I supervise dissertations with a regional focus of Japan and Korea; cross-disciplinarity with anthropology, material culture, cinema, fine art, design or philosophy; architectural drawing and other forms of representation such as notation.  I also conduct research into urban marketplaces and festivals.  I can also supervise dissertations on the phenomenology of perception, understanding architecture through all the senses, soundscapes and other perceptual issues.

I also run the dissertation lecture series, based on my textbook 'Research Methods for Architecture' (Laurence King, 2016).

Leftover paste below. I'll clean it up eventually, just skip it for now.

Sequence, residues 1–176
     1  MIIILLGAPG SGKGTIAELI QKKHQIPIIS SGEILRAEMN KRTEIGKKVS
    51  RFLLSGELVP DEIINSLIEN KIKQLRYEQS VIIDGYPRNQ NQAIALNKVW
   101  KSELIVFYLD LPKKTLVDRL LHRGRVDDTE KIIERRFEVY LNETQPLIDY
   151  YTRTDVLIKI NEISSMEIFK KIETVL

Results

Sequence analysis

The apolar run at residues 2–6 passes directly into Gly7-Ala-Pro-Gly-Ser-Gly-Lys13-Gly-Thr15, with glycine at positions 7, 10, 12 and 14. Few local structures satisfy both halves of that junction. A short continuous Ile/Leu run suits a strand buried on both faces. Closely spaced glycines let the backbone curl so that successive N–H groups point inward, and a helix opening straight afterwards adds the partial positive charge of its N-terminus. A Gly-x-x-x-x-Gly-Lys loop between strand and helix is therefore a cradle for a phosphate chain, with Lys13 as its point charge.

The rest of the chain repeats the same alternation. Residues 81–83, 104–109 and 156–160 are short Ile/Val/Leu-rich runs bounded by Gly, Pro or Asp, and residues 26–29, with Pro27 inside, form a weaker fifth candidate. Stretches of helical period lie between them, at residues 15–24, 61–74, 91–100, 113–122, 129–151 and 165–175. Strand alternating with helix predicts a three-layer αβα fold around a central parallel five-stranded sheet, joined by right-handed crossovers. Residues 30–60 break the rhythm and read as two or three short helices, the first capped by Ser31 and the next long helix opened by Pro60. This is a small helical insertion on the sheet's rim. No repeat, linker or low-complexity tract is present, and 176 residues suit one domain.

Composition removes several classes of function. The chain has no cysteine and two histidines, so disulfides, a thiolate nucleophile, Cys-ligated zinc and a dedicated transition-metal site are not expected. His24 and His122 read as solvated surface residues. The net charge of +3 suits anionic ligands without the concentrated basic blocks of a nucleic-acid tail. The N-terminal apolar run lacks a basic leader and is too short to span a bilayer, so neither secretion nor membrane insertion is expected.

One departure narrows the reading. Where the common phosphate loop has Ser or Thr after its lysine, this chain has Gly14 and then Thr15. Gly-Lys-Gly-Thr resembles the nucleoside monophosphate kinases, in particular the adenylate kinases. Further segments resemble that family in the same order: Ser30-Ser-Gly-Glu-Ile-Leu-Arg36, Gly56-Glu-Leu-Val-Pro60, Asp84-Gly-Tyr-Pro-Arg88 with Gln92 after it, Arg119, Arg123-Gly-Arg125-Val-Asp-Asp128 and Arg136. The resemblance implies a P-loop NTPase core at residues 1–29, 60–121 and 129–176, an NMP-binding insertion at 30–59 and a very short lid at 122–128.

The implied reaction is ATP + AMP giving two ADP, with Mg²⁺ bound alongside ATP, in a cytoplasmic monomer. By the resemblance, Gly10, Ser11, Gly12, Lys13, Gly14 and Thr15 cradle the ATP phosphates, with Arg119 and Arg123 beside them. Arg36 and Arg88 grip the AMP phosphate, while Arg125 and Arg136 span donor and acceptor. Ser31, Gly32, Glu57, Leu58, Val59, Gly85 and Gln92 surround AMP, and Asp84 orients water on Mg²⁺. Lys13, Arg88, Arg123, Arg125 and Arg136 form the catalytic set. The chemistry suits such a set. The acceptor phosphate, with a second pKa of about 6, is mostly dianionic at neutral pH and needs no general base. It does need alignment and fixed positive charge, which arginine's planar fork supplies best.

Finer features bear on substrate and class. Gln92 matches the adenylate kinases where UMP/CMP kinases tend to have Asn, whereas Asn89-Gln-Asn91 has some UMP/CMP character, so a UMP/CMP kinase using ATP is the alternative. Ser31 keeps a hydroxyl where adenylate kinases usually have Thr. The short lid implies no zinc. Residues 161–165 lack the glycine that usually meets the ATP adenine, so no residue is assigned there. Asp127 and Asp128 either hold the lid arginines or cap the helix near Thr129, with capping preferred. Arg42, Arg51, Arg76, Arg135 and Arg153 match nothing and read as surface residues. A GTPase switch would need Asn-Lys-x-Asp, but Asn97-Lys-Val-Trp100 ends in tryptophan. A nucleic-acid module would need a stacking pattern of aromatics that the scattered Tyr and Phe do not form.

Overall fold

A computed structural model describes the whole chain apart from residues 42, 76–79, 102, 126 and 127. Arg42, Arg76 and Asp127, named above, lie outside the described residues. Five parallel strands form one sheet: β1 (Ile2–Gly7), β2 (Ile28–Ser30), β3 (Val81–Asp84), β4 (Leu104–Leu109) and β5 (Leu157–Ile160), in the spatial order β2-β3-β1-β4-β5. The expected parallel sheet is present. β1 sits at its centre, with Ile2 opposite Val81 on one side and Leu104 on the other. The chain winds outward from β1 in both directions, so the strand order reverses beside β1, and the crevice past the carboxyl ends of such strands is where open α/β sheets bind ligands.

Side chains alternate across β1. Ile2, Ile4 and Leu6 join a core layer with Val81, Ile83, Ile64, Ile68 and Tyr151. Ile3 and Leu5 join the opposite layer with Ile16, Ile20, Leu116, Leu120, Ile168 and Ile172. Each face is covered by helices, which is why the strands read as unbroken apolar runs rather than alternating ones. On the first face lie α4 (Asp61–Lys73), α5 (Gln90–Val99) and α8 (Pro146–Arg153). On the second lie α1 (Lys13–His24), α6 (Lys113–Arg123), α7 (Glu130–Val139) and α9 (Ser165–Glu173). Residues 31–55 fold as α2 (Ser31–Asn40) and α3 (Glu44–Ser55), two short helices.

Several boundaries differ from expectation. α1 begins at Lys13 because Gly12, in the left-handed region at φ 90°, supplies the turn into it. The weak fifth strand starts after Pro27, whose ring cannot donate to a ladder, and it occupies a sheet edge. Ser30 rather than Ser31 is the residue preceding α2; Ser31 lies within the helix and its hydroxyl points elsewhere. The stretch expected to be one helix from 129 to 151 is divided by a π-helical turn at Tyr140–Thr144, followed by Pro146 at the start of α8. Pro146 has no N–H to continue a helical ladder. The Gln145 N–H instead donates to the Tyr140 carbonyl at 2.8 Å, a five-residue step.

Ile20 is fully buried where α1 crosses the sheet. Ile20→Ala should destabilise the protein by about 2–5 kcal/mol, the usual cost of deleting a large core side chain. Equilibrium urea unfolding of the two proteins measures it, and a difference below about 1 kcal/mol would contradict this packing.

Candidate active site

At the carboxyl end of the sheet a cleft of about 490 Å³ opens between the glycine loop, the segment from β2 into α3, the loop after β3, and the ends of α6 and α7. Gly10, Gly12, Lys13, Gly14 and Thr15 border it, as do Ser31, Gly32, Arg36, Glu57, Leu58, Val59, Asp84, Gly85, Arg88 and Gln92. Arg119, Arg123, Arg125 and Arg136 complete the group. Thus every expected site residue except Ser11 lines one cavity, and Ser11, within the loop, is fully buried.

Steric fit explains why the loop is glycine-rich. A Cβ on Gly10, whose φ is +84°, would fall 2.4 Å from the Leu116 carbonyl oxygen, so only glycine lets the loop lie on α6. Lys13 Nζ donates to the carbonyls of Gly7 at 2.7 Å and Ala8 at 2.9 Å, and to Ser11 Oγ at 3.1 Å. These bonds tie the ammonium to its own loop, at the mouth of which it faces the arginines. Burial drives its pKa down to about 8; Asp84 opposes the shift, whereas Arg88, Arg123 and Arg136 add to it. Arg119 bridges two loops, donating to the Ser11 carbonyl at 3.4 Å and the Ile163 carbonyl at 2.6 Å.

Expertise related to UN Sustainable Development Goals

In 2015, UN member states agreed to 17 global Sustainable Development Goals (SDGs) to end poverty, protect the planet and ensure prosperity for all. This person’s work contributes towards the following SDG(s):

  • SDG 6 - Clean Water and Sanitation
  • SDG 11 - Sustainable Cities and Communities